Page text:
In the town's center there's a huge Marx bust, while the wall behind is covered with Marx's quotes in all languages. Fittingly enough, new-age kids practice their skating on the stairs by the monument. But this is about the most interesting place in town, as the rest is composed of ugly and depressing gray concrete apartment buildings. The atmosphere here is really heavy. Indeed, young people abandon towns like Chemnitz and nearby Leipzig as if they were hit by a plague. While leaving town I find an old church that is simply surrounded by these huge apartment blocks. The communist regime simply created a ring of ugly houses around it, as if to suffocate it. Can it get more symbolic than that?
The high point of my visit to Saxony is the Motorcycle Museum of Augustusburg. I've been to a few bike museums in the past, and all I can say is that this one is up there with the National Motorcycle Museum in Birmingham. It's a bit of a shock to me, but through the amazing exhibition I come to realize that Saxony's motorcycle production output until WWII was bigger than England's, the U.S. or Italy's at the time. The museum is located inside a beautiful Schloss on a hill top, and as I walk out I spot a beautiful falcon soaring high above the castle, a red streamer attached to his leg. There are still some falcon trainers here, and the sight throws me back to a time when such castles where populated with kings, barons, dukes and noblemen (We hired Kevin Duke after seeing some buzzards on the roadside. –Ed.). It's time to move on towards the Czech Republic.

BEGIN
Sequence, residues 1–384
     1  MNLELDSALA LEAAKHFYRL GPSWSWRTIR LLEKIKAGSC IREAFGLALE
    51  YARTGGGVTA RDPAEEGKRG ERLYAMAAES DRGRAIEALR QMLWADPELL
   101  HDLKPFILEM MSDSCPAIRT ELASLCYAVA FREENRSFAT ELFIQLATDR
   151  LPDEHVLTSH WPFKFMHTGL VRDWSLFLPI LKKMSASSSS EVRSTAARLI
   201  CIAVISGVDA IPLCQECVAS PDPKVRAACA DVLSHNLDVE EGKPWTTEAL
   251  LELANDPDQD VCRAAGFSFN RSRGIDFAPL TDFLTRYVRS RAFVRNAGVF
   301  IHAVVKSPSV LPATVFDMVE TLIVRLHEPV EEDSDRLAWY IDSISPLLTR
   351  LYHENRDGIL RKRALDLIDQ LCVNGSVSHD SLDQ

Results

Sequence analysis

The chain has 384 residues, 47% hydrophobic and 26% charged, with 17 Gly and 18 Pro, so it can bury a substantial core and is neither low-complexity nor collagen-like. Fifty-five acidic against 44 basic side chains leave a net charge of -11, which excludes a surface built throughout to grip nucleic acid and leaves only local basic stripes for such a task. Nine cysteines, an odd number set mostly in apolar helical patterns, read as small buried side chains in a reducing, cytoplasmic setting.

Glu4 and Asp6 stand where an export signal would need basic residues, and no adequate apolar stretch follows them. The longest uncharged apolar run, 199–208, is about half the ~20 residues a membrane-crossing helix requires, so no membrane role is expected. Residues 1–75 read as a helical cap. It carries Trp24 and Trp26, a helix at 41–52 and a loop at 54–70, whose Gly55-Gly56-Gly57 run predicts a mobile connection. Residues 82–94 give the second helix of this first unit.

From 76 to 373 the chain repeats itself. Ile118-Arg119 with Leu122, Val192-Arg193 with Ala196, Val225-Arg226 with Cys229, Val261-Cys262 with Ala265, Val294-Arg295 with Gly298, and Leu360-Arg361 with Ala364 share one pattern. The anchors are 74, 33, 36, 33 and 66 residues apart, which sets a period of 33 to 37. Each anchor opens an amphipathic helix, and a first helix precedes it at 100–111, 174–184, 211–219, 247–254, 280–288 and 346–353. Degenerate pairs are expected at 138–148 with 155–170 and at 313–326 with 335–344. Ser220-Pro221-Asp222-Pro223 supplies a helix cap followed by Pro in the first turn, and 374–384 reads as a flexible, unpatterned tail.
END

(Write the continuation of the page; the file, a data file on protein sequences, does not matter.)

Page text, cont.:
I set my alarm for a late wake-up, pack the bike and head out of Zschopau. It's Sunday, and on the twisting country road there's an exaggerated amount of vintage bikes heading south. I join them for the ride, inhaling the sweet two-stroke smell, and end up in a small classic bike meeting. Nice to see many of the bikes I spotted the day before in the museum in action – a last tasty delight before leaving the enchanted and secret two-stroke kingdom of Saxony.